Ta has a unique feature—it is the only metal that has a biological compatibility with a living tissue. Metal, named after the mythological martyr, has an interesting mission to the mankind—it came to the aid of man, his living tissues. In reconstructive surgery and neurosurgery, Ta began to be used during World War II: The replacement of the damaged parts of the skull, bound broken bones, replacing the small bones with the wire and the metal strips. Ta yarn and mesh used for the replacement of muscle tissues, and as a basis for the growth of new tissues. A metal mesh is used to reinforce the walls of the abdominal cavity, with the help of a thin Ta wire to stitch tendons and damaged nerves. A similar property—a biocompatibility—is a characteristic of Ta-Nb alloys. A lower density compared with Ta alloys that makes them promising. Ta may come to replace stainless steel, gold, and other conventional alloys because, unlike traditional metallic materials for implants, the human body perceives Ta and Nb-Ta alloys, not as a foreign body, but as your own bone. Perhaps, said about Nb-Ta alloys looks more like a hymn to the glory of these metals and their alloys. So let it be—I really admire their unusual physical properties, capabilities, and believe in the enormous potential in the nearest future.

As well known, Nb and Ta, having similar lattice parameters, crystallize in a similar body-centered cubic lattice. Both metals have similar chemical and physical properties. Thus, the Nb-Ta system should have a continuous range of the substitutional solid solutions (alloys) [1]. Moreover, the pure Nb and Ta and their alloys can be produced as single crystals with a known crystallography. The physical and chemical interaction of oxygen with Nb and Ta can be studied by the methods of a surface analysis such as low-energy electron diffraction (LEED) or Auger electron spectroscopy (AES), having a larger sensitivity depth than LEIS [213]. The interaction of oxygen with metal surfaces is important in catalysis, corrosion, and growth. A series of single crystals (110) of Nb-Ta alloys has been studied by LEIS for obtaining quantitative information about the single crystals of Nb-Ta alloys during their interaction with oxygen. In this chapter, the results of the LEIS experiments on the single crystals of several Nb-Ta alloys and the elemental Nb and Ta are presented. The contents of Nb and Ta and alloys of the surface oxygen in the upper layer of the surface may be quantified by LEIS, that is a surface analysis technique with extremely high sensitivity and selective atomic layer to the outer surface [14]. When the matrix effects are absent, the composition can be quantified by calibration of surface [15]. As an editor of the book, I would like to present the study of these alloys, which could be a main part of the introductory chapter. The study covers several more or less traditional techniques (levitation melting, EB floating zone growing single crystals of refractory metals, X-ray Laue characterization of single crystals, recrystallization for growing massive single crystals of alloys, elemental characterization by ICP MS, and others) and UHV techniques for studying upper layers of single crystals (LEIS, LEED, SIMS). By techniques used as well by the aims and results, this study is also traditional. A part of experiments is done in ISSP RAS, Chernogolovka, another part of the study is done together with Prof. Hidde Brongersma in TUE, Eindhoven.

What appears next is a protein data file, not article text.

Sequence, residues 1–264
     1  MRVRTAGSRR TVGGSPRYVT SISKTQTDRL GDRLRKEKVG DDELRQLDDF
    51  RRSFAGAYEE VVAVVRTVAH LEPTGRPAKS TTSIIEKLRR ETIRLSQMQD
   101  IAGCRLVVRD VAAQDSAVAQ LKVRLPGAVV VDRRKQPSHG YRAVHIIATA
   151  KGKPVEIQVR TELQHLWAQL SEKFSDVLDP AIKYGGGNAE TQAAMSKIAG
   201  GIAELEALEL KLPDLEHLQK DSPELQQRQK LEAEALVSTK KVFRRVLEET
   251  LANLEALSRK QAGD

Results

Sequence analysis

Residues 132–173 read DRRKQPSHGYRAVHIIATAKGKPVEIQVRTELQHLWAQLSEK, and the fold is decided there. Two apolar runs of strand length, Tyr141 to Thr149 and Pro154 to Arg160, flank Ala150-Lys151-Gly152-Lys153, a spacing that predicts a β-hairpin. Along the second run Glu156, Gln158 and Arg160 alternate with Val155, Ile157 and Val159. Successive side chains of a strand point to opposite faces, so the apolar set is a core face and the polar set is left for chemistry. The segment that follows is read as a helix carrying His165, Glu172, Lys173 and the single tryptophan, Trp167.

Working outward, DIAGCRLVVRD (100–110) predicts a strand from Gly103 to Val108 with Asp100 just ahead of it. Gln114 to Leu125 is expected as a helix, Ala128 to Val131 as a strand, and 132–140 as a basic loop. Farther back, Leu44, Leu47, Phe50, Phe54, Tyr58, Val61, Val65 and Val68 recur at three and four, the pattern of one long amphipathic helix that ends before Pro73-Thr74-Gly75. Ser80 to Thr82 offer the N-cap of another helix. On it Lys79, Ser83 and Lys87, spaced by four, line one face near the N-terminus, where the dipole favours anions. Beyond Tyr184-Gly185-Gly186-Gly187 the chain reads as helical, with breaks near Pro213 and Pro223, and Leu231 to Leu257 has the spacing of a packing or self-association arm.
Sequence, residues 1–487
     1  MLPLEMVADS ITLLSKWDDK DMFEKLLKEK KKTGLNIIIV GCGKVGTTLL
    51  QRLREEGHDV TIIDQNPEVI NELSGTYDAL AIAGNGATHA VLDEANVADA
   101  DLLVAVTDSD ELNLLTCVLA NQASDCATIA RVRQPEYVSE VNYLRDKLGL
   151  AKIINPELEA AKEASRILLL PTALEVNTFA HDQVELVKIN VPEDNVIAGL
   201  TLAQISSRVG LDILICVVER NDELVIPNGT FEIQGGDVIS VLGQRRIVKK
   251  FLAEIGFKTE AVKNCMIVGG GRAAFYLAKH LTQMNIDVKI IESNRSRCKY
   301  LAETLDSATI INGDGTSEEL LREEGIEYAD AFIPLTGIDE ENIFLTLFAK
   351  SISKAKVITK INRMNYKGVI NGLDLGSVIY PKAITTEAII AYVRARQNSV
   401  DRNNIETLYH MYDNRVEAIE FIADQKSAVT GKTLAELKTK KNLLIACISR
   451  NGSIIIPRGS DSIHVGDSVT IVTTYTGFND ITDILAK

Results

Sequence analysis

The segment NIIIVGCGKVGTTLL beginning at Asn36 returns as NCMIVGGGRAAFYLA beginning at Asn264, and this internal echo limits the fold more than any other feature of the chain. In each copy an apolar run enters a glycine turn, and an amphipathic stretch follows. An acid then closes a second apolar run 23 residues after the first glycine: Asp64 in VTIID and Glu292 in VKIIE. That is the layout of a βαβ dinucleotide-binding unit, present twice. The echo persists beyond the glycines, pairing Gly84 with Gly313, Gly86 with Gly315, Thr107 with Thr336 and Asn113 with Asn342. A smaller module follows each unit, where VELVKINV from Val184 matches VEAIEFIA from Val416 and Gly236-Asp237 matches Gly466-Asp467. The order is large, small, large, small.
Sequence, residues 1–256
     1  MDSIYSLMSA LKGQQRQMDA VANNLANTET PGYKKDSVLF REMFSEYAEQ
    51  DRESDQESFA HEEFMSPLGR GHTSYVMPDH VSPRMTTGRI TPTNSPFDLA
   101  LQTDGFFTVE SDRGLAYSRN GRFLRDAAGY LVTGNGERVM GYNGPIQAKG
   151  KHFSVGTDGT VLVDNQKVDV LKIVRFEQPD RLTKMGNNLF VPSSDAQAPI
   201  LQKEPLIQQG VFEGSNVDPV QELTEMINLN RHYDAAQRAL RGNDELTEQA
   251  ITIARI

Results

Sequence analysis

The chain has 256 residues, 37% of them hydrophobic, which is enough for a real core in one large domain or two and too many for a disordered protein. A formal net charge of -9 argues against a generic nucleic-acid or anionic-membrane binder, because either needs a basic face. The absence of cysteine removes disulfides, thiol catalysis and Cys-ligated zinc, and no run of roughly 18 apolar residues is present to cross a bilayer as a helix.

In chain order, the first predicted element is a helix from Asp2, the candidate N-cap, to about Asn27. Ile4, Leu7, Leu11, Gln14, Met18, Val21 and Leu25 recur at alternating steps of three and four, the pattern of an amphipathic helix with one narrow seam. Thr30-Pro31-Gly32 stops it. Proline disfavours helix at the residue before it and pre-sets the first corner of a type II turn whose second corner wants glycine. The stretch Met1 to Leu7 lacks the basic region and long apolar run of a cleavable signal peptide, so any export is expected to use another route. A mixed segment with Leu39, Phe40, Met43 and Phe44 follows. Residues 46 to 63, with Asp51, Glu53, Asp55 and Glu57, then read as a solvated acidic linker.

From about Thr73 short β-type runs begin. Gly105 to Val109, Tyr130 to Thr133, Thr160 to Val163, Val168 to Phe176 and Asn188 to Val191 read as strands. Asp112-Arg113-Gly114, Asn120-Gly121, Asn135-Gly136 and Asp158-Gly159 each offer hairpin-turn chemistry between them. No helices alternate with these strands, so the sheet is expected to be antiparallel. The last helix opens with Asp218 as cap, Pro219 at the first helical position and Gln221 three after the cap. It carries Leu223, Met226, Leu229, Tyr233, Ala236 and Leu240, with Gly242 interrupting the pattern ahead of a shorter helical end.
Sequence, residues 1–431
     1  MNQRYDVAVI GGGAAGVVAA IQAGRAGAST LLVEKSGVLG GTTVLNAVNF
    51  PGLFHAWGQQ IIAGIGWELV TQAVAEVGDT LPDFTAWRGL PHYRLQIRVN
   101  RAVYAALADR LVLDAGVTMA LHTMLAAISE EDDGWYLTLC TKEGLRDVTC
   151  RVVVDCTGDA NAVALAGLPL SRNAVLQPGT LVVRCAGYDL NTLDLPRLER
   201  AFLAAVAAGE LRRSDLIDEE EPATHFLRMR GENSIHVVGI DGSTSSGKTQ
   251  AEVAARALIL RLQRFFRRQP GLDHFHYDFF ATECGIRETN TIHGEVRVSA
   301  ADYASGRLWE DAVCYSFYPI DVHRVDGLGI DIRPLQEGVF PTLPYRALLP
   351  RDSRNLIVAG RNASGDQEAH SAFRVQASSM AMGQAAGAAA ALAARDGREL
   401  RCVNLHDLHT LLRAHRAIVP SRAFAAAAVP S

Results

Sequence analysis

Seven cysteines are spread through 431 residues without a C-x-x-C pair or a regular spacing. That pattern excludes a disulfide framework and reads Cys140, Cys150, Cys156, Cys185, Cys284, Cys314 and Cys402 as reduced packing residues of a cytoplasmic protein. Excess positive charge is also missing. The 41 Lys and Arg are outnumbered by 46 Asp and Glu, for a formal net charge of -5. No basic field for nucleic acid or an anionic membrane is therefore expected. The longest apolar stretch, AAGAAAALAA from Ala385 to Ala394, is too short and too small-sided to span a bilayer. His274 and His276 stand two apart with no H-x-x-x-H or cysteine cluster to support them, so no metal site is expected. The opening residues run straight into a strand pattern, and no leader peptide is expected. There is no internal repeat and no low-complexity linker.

1. Experimental

The alloys of Nb and Ta are obtained by mixing the pure elemental powders in a desired ratio by using a high-frequency levitation melting. This method is crucible less—the metal sample melts in an electromagnetic field formed by a conic inductor. The radio-frequency electromagnetic field provides a uniform mixing of both metals in the liquid state [16]. To form cylindrical cast rods, the melt is cast into a cylindrical water-cooled copper mold. Single crystals of these alloys are grown by electron beam floating zone melting which provides refining material together with a uniform distribution of both elements in the volume [17]. Single crystals of both metals and three Nb-Ta alloys are grown with a growth rate of 3 mm min−1 using the specially prepared single-crystalline seeds of three main crystallographic orientations—(111), (110), and (100). For this part of the study, the discs of the (110) plane index are cut off by electro-erosion and then mechanically and chemically polished. X-ray Laue back reflection is used to a crystallographic check of the as grown crystals and final discs. It was discovered that Nb0.75Ta0.25, Nb0.5Ta0.5, and Nb0.25 Ta0.75 25 alloys could not be grown directly from the melt as crystals. In order to grow crystals of these alloys, recrystallization is used which consists of a strain deformation followed by a high-temperature annealing (up to the melting temperature of alloys). For this study, the following groups of single crystals are grown in different volume composition: Nb, Nb0.75Ta0.25, Nb0.5Ta0.5, Nb0.25Ta0.75, and Ta. Rutherford backscattering spectroscopy (RBS) is used to check the composition of the volume. Contents of both metals in alloys are analyzed also by ICP MS.